VALETTA–Malta’s parliament approved the legalization of cannabis and cannabis cultivation for personal adult-use or, as it’s called in America, ‘recreational’ cannabis- a first in Europe, although other countries tolerate cannabis use.
Malta’s move comes weeks after Luxembourg announced similar proposals. Germany’s new government also plans to legalize the recreational use of cannabis. Malta is usually thought of as a socially conservative country. They only legalized abortion in 2011. However, Malta had already decriminalized the possession of small amounts of cannabis, and passed legislation that promoted the island as a potential centre for the production of medical cannabis.
Spain and the Netherlands already tolerate, to different degrees, the consumption and growing of cannabis for personal use. Both Czech Republic and Portugal, meanwhile, have decriminalized cannabis for personal use.
According to reporting from Reuters, Malta is also seeking to position itself as a European leader in the production of medical cannabis having approved legislation in 2018 to permit the production of such cannabis for medicinal and research purposes.
“I’m very glad that Malta will be the first [EU] country which will put words in statute in a comprehensive manner with a regulatory authority,” Owen Bonnici, who serves as the government’s minister for equality, research and innovation, said.
President George Vella is expected to sign the legislation into law by the weekend, according to reporting in The Guardian.
Under the new law, anyone over the age of 21 can possess up to seven grams of cannabis and grow up to four plants at home, according to Prime Minister Robert Abela’s Labour Party.”We are legislating to address a problem and taking the harm reduction approach by regulating the sector, so that people do not have to resort to the black market to purchase cannabis,” Mr Abela said during a parliamentary debate last month.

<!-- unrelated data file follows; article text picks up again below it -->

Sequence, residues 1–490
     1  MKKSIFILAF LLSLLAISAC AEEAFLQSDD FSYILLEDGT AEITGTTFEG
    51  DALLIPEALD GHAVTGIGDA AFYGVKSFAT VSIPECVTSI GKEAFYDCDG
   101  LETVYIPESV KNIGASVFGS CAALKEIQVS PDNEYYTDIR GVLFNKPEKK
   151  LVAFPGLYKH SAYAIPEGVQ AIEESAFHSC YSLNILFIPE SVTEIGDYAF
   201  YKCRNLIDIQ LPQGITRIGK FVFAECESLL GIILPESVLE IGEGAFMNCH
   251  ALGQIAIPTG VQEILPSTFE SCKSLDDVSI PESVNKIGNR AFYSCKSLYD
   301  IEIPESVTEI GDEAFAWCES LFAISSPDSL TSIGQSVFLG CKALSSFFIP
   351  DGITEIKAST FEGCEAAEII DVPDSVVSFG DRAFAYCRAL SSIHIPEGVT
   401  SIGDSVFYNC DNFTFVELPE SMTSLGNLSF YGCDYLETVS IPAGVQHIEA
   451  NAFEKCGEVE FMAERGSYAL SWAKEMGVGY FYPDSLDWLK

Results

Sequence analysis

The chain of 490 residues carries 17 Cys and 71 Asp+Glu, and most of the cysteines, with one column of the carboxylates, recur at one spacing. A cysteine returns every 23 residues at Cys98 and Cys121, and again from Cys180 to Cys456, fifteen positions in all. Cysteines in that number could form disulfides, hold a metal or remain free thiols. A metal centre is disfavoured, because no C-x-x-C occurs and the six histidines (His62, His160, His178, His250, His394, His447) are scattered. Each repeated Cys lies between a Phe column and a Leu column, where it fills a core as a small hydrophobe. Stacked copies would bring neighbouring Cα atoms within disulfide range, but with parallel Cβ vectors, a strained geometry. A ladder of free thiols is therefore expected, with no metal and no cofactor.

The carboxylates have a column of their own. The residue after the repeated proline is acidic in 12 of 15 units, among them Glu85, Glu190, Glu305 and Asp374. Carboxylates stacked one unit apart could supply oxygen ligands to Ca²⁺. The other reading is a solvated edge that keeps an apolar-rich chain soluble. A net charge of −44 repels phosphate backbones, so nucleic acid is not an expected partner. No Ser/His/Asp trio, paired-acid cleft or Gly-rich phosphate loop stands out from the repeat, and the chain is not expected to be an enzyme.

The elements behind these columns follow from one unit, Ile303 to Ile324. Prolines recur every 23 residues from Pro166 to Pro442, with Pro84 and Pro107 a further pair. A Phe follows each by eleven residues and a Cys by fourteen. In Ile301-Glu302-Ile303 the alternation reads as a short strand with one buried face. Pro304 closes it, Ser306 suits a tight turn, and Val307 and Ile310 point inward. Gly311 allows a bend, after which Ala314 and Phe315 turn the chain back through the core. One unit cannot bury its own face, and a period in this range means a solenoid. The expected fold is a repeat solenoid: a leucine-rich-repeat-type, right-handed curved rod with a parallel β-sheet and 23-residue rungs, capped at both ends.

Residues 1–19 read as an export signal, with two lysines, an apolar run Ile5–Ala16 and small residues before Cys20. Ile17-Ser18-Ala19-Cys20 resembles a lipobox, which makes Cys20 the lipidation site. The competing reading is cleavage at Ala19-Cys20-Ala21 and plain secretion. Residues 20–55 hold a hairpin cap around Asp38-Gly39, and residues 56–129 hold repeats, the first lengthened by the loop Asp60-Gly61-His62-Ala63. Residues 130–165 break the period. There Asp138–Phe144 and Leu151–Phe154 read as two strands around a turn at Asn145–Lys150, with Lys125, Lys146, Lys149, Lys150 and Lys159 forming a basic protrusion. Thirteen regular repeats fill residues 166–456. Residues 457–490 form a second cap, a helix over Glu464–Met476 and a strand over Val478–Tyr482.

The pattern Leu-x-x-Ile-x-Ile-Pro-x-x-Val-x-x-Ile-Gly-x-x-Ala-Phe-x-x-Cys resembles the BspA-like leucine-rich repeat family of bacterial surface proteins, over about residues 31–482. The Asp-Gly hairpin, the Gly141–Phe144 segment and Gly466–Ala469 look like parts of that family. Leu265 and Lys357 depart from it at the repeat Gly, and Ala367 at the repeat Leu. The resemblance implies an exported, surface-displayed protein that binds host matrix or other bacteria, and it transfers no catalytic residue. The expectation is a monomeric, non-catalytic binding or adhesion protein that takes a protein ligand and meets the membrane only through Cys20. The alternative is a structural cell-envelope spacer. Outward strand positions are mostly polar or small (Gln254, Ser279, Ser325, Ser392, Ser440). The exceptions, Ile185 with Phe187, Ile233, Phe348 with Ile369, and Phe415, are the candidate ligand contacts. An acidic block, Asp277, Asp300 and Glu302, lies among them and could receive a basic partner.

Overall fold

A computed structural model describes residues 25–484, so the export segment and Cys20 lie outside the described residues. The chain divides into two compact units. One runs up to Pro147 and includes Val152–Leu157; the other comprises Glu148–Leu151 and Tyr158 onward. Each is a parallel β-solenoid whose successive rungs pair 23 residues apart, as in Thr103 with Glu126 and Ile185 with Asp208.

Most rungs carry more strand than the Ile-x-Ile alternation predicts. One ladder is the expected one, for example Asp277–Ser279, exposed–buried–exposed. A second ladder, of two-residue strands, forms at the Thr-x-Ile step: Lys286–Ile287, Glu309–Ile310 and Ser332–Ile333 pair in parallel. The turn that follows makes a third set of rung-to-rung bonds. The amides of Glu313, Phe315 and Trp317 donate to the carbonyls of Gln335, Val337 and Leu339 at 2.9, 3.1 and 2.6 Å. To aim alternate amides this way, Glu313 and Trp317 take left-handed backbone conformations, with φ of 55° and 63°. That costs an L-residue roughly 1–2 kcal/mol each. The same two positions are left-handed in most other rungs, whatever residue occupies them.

The law, which passed by 36 votes to 27, also allows for the creation of regulated non-profit associations of up to 500 people to grow the drug for the exclusive use of their members. “We are dissuading people from smoking cannabis, while not treating those who choose to do so as criminals.”
”Drug trafficking will remain illegal,” he said. The main opposition Nationalist Party opposed the latest plan, warning it would “normalize and increase drug abuse in our country”. The law also softens penalties for those found with larger amounts of cannabis.
Over 21 year old adults found in possession of between seven and 28 grams of cannabis for their own use, will now face a tribunal rather than a court, and a maximum €100 fine.
Minors caught in possession of cannabis meanwhile will be referred to a tribunal which may propose an addiction treatment program.
Consuming cannabis in public will remains illegal, punishable by a €235 fine, while consuming the drug in front of a child, entails a penalty of €300-€500.
In October, Luxembourg’s government outlined proposals to allow each household to grow up to four cannabis plants, and to reduce fines for public consumption in cases involving fewer than three grams. In Spain, the lack of a legal framework allows for the private production and consumption of cannabis by adults for their personal use in a private space, though its sale is still illegal.
Meanwhile, the Netherlands tolerates cannabis consumption but keeps cannabis illegal.
(Image: Malta – Marsamxett Harbour and Valletta: Air Malta)